GIGANOTOSAURUS IS THE NEW T-REX
Just when we thought we knew all about dinosaurs, a new exhibit rolls into The Nat to share a whole new cast of characters we’ve never heard of before. See, it turns out, all the dinosaur species we grew up obsessing over — brontosaurus, triceratops, and of course the mighty tyrannosaurus rex — were only half the story. The Ultimate Dinosaurs exhibit tells the other half.
It starts 250 million years ago, when all the continents on earth were jammed together into a giant land mass called Pangea. All kinds of weird animals got busy evolving into early dinosaurs during that time, which we call the Triassic period.
Then, between 145 and 200 million years ago, Pangea split into two supercontinents: Laurasia split north and Gondwana split south. Laurasia eventually broke up into the continents North America, Europe and Asia. All the big name dinosaurs came from these places, living during this decidedly more famous era called the Jurassic period.
However, there were still dinosaurs on Gondwana, of course, and they comprise all of the skeleton castings featured in Ultimate Dinosaurs, which based off of fossils discovered in places like South America and Africa. Several of the 16 fully articulated skeletons featured in the exhibit actually hail from the triassic, like the tiny eoraptor. Closer in size to a German shepherd than an elephant, its 230 million year old remains were found in Argentina, making it one of the oldest known dinosaurs on record.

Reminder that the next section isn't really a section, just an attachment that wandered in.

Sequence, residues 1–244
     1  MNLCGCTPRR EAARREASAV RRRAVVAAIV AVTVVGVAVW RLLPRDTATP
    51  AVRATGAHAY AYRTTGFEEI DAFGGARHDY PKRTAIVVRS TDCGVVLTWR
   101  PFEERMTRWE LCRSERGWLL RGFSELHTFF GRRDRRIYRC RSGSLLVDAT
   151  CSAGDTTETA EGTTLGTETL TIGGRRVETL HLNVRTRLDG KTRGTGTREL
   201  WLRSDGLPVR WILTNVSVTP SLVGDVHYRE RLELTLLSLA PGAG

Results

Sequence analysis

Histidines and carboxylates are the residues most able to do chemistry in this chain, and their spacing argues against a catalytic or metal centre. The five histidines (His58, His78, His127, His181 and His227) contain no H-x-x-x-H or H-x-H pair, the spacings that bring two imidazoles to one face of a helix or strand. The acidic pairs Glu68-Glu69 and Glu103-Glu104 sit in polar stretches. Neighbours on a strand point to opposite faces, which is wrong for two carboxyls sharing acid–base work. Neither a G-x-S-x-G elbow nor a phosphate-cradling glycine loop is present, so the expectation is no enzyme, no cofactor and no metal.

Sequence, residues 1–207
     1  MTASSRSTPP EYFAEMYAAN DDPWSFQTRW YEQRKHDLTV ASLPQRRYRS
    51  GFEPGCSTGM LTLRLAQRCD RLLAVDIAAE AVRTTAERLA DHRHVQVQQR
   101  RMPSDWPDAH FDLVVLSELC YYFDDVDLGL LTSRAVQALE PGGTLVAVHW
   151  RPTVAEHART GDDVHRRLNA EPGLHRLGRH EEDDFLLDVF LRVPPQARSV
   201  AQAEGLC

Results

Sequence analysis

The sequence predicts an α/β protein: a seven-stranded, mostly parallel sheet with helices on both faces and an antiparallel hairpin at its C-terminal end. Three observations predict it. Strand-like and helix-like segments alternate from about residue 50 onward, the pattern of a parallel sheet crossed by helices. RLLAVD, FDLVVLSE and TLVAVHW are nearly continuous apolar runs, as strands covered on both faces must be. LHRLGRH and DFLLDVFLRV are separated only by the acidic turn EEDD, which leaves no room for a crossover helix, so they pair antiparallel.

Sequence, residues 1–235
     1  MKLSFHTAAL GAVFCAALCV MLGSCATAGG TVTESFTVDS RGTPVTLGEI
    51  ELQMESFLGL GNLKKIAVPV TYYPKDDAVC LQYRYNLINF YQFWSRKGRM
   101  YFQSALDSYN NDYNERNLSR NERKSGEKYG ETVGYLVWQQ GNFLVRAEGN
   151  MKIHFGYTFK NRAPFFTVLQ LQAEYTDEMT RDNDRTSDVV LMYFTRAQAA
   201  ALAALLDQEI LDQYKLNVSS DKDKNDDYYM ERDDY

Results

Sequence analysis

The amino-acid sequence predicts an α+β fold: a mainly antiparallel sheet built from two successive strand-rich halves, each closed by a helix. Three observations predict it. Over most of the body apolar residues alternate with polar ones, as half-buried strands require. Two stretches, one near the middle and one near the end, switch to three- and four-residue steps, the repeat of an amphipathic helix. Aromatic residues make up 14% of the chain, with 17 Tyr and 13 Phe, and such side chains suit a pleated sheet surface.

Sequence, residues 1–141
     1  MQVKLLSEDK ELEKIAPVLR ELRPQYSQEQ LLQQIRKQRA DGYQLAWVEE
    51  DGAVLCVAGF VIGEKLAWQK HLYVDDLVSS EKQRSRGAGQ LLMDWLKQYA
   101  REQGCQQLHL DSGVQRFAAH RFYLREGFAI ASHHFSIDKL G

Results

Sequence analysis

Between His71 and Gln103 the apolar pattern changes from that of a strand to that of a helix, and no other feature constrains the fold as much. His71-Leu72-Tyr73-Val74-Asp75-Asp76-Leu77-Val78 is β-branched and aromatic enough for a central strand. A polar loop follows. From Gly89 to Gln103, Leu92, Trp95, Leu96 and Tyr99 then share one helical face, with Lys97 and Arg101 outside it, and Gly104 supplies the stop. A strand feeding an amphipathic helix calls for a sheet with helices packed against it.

By contrast, the wonder of evolution can be seen in one of the exhibit’s youngest dinos — the terrifying 70 million year old Giganotosaurus. At roughly 12 feet tall, this is Gondwana’s answer to the T-Rex, and it looks at least as mean, but with a gnarly ridge down the front of its face. Also found in Argentina, it’s considered the largest carnivorous dinosaur, and possibly the largest predator ever to walk the earth. (That was during the Cretaceous period, 65-140 years ago, for all you trivia buffs).
So, why didn’t we learn about these dinosaurs as kids? Pretty much, because scientists didn’t know about them. Paleontologists have only successfully been digging up dino fossils from the southern hemisphere for the last 20 or 30 years. So if you learned about them in school, you should probably be doing your homework right now instead of reading URBANIST.
Because it’s new science, this the first time these dinosaur bones have ever been shown on the west coast, so nourish the spirit of your inner child and go see them before the exhibit’s closing date, September 4th. If you’re really into it, there will be a paleontologist Nat Talk about it at the museum on March 21st.
Ultimate Dinosaurs is on tour from The Science Museum of Minnesota, originally produced by Toronto’s Royal Ontario Museum.